New York (CNN) - Some prominent African-American leaders are opting to stand behind embattled New York Gov. David Paterson until the state attorney general completes a probe into charges that Paterson misused the power of his office.
Black leaders held an emergency summit Thursday night at Sylvia's Restaurant in Harlem to discuss the media firestorm and flailing public support that has ensnared Paterson.
Organized by the Rev. Al Sharpton and off-limits to reporters, the meeting was an attempt to gauge the temperature of participants. Comments from attendees outside the restaurant indicated the dominant emotions inside were sympathy and restraint.
State Sen. Eric Adams pointed to Paterson's 22 years of public service in New York and said unproven allegations should not lead to the governor's demise.
"We have a competent attorney general, and he's doing an investigation," Adams said on his way into the meeting. "Let him do his job. It's our job to make sure the budget gets done."
Paterson, like his predecessor Eliot Spitzer, finds himself in the center of a major political controversy and, perhaps, another self-inflicted injury.
News reports say Paterson contacted a woman who was allegedly abused by a close aide, David Johnson. Jumping to his aide's defense, Paterson allegedly encouraged her to drop the charges, reports say. Since the allegations surfaced in The New York Times, top administration officials have jumped ship, and newspapers have called for Paterson's resignation, citing his apparent abuse of power.
However, attendees at the Harlem meeting - mainly from the political and religious sphere - largely criticized media coverage and swift judgment, especially in comparison to other politicians who have faced scandal.
New York City Councilman Charles Barron compared Paterson's imbroglio to the scandals that plagued former President Clinton.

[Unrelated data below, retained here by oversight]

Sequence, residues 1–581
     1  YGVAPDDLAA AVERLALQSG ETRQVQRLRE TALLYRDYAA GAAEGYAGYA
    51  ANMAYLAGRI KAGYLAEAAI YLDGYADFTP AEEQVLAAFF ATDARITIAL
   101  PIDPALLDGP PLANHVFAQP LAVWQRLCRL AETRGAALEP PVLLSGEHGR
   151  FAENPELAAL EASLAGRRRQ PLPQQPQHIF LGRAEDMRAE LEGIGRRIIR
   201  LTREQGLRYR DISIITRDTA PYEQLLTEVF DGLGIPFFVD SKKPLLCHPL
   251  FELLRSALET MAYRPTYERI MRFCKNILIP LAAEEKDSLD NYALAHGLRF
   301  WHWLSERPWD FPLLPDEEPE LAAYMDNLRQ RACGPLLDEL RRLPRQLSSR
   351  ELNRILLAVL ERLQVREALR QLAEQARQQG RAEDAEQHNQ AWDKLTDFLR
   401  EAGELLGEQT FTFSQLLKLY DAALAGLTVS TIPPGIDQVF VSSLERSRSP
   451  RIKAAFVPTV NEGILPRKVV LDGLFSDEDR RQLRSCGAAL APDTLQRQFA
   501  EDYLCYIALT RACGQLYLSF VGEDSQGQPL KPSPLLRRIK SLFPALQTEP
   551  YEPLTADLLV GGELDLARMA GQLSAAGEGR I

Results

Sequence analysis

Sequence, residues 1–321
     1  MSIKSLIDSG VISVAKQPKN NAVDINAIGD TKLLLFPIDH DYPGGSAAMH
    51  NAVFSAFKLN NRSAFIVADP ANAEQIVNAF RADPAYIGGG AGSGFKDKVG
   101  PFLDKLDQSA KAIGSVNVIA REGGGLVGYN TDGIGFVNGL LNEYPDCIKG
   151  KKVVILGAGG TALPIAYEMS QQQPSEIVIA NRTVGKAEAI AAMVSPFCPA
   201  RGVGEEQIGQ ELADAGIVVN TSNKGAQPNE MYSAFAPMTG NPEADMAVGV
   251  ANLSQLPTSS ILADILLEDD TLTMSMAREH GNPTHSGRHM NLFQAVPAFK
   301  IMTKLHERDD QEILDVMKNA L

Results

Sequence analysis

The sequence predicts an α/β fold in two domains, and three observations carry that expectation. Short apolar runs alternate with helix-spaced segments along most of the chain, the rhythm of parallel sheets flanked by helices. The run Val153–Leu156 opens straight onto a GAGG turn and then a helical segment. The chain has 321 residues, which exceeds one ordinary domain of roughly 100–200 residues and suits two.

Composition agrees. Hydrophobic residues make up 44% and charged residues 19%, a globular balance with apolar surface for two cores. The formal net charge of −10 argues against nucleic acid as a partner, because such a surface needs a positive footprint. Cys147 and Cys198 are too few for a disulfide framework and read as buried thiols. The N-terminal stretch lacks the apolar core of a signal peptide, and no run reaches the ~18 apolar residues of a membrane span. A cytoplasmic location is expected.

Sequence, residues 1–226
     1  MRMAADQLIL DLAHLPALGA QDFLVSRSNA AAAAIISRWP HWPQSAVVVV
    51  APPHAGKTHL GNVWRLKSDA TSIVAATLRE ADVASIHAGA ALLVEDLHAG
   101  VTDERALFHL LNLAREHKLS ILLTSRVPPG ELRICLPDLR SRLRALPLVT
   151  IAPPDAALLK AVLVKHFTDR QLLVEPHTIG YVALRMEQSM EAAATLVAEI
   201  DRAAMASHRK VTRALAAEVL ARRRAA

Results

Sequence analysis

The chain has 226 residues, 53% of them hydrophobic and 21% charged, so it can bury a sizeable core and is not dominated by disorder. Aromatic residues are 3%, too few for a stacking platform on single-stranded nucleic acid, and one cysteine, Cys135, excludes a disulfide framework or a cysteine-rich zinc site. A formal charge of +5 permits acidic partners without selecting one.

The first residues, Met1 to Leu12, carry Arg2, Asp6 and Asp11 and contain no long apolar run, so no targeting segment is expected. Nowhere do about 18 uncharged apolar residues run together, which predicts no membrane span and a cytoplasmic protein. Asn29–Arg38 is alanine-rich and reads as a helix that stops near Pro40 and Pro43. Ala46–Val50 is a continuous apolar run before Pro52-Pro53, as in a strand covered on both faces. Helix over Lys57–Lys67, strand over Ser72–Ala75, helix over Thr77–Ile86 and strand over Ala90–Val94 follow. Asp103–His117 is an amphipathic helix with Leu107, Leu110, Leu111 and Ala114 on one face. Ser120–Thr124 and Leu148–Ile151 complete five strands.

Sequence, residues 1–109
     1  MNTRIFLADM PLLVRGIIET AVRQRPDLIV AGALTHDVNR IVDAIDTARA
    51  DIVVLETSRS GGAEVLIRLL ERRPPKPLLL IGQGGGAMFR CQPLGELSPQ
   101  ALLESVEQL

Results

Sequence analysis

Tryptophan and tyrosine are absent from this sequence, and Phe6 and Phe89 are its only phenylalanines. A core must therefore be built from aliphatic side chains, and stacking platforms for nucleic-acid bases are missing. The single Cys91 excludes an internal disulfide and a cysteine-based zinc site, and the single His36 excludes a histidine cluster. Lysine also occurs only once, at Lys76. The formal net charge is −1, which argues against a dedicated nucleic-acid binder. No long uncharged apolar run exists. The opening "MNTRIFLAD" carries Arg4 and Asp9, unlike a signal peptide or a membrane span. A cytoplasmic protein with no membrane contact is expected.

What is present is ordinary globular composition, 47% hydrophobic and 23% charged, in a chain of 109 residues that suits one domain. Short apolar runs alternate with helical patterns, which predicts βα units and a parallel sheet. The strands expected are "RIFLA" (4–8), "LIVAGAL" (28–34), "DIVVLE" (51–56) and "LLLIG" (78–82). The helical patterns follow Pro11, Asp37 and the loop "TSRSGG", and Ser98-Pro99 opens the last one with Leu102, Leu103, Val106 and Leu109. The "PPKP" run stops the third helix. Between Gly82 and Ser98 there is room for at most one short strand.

"If Bill Clinton could be impeached as a president, and actually engaged in misconduct, and could run 50 states," Barron said, "then Paterson can run one state while under investigation."
When asked if race might be the impetus propelling the media's coverage, Barron said, "Of course it's a race thing. They don't want us in those positions. Race still matters."
The meeting was held a day after polls showed eroding public support for Paterson. According to a Quinnipiac University survey, job approval for the governor is at 24 percent - his lowest ever.
"New York state voters give Paterson big negatives, his lowest ever in a yearlong crash dive, but they're not ready to pull the trigger," said Maurice Carroll, director of the Quinnipiac University Polling Institute in a statement. "Whether it's mercy, pity or a fear of stepping into the unknown, it runs across all the demographic categories."
After the meeting, Sharpton described the scene inside the restaurant. "There were people on both sides," he said. "The overwhelming majority backed Paterson."
Leaders who attended Sylvia's include U.S. Rep. Gregory Meeks, Hazel Dukes, former NAACP President Hazel Dukes and the Rev. Jacques DeGraff of the 100 Black Men of New York.
DeGraff said before the meeting his support for the governor is waning. "I think his effectiveness has reached its limits," he said. "I think it's time for him to let the Democrats to move on."